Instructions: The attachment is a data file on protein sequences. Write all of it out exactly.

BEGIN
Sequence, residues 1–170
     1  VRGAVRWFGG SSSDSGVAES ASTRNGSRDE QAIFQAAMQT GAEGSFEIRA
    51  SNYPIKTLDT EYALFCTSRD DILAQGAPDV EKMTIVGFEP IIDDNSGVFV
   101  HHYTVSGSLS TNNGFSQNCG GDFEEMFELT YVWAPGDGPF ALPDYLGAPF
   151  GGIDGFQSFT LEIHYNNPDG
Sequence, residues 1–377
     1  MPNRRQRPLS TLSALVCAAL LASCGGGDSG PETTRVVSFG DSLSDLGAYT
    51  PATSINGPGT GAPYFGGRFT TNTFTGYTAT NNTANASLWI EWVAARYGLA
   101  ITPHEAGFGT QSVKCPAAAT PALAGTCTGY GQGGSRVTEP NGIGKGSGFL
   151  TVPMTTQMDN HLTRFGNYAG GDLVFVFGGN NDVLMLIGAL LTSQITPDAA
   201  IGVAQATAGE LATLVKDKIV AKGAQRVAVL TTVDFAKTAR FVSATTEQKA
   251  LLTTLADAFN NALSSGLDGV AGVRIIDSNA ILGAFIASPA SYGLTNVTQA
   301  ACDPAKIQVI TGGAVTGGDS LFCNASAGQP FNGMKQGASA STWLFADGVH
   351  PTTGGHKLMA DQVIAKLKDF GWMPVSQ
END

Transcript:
Sequence, residues 1–170
     1  VRGAVRWFGG SSSDSGVAES ASTRNGSRDE QAIFQAAMQT GAEGSFEIRA
    51  SNYPIKTLDT EYALFCTSRD DILAQGAPDV EKMTIVGFEP IIDDNSGVFV
   101  HHYTVSGSLS TNNGFSQNCG GDFEEMFELT YVWAPGDGPF ALPDYLGAPF
   151  GGIDGFQSFT LEIHYNNPDG
Sequence, residues 1–377
     1  MPNRRQRPLS TLSALVCAAL LASCGGGDSG PETTRVVSFG DSLSDLGAYT
    51  PATSINGPGT GAPYFGGRFT TNTFTGYTAT NNTANASLWI EWVAARYGLA
   101  ITPHEAGFGT QSVKCPAAAT PALAGTCTGY GQGGSRVTEP NGIGKGSGFL
   151  TVPMTTQMDN HLTRFGNYAG GDLVFVFGGN NDVLMLIGAL LTSQITPDAA
   201  IGVAQATAGE LATLVKDKIV AKGAQRVAVL TTVDFAKTAR FVSATTEQKA
   251  LLTTLADAFN NALSSGLDGV AGVRIIDSNA ILGAFIASPA SYGLTNVTQA
   301  ACDPAKIQVI TGGAVTGGDS LFCNASAGQP FNGMKQGASA STWLFADGVH
   351  PTTGGHKLMA DQVIAKLKDF GWMPVSQ